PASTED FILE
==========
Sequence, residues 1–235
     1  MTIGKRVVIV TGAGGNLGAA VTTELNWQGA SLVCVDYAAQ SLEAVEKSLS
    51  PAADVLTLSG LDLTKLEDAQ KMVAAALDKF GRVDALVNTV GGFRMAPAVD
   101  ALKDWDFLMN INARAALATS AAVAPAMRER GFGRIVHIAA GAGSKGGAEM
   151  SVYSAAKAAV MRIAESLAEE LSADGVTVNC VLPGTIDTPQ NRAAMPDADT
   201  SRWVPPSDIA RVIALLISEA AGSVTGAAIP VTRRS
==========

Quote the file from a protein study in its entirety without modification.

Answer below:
Sequence, residues 1–235
     1  MTIGKRVVIV TGAGGNLGAA VTTELNWQGA SLVCVDYAAQ SLEAVEKSLS
    51  PAADVLTLSG LDLTKLEDAQ KMVAAALDKF GRVDALVNTV GGFRMAPAVD
   101  ALKDWDFLMN INARAALATS AAVAPAMRER GFGRIVHIAA GAGSKGGAEM
   151  SVYSAAKAAV MRIAESLAEE LSADGVTVNC VLPGTIDTPQ NRAAMPDADT
   201  SRWVPPSDIA RVIALLISEA AGSVTGAAIP VTRRS